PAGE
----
This is the question i posed to Jeffery Ritcher on 6th March 2010
Question ( Gopala ) :
As per your words i got to know that, when CLR intializes the threadpool gets initialized with zero threads ..Also, the the threads are created and used but they are not destroyed instead retained in the threadpool for later use.
But in some articles( For ex : In " C# Threading handbook" by Tobil Titus) i have found out that CLR Intializes the theadpool with 25 ( defalut, and we can change this value) threads
To Verify this i tried the following code on VS2010 ( .NET 4.0)
int workerThreads1, completionPortThreads1; int workerThreads2, completionPortThreads2; int workerThreads3, completionPortThreads3;
ThreadPool.GetAvailableThreads(out workerThreads1, out completionPortThreads1);
//workerThreads1 = 1023 completionPortThreads1 = 1000
ThreadPool.GetMaxThreads(out workerThreads2, out completionPortThreads2);
// workerThreads2 = 1023 completionPortThreads2 = 1000
ThreadPool.GetMinThreads(out workerThreads3, out completionPortThreads3);
//workerThreads3 = 2 completionPortThreads3 = 2
The results seems to be contradictary.Please Advise.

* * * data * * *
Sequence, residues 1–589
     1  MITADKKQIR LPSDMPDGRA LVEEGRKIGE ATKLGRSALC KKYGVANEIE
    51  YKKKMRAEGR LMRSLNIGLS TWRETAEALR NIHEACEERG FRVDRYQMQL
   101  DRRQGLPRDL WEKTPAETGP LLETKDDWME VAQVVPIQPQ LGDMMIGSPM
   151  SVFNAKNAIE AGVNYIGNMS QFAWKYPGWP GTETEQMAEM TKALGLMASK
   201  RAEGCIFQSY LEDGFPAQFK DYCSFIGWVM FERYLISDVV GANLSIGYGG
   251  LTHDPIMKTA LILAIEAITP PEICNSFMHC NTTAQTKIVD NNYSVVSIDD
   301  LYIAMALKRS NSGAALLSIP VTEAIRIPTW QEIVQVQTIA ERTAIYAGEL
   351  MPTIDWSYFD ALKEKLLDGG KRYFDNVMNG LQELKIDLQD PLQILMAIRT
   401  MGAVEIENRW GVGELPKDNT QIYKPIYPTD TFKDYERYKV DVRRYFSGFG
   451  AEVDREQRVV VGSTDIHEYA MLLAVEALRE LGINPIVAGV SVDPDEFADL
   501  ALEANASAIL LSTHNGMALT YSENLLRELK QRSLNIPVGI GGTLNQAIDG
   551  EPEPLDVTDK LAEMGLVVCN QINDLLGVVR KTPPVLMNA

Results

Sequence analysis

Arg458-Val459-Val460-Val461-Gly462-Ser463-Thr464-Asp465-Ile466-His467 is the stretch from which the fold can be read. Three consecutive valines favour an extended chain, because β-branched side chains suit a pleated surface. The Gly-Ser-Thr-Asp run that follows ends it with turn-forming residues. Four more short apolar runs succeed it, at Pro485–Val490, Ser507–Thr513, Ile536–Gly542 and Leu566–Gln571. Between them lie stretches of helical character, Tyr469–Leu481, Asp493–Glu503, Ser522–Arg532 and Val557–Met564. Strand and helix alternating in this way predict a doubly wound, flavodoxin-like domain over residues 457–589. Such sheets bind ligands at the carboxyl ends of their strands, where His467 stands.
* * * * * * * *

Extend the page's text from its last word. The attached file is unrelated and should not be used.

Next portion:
Answer ( Jeffery Ritcher) :
Initially the thread pool has 0 threads in it.
However, the number of worker threads in the pool can grow to 25 per CPU (by default). 25 was the number for earlier versions of the CLR.
In .NET 4.0 the default is 1023 worker threads (instead of 25) and 1000 I/O threads.
The CLR doesn’t like to create threads but, if there are work items queued up, it will quickly create up to min threads (2) and then it will slowly create more threads up to the max threads (1023).
GetAvailableThreads returns the number of threads that the thread pool could use for doing work if work gets queued up. This number changes all the time. This number does not include thread pool threads are currently doing work but these threads could return and more thread pool threads could initate doing work and this is why the number changes all the time.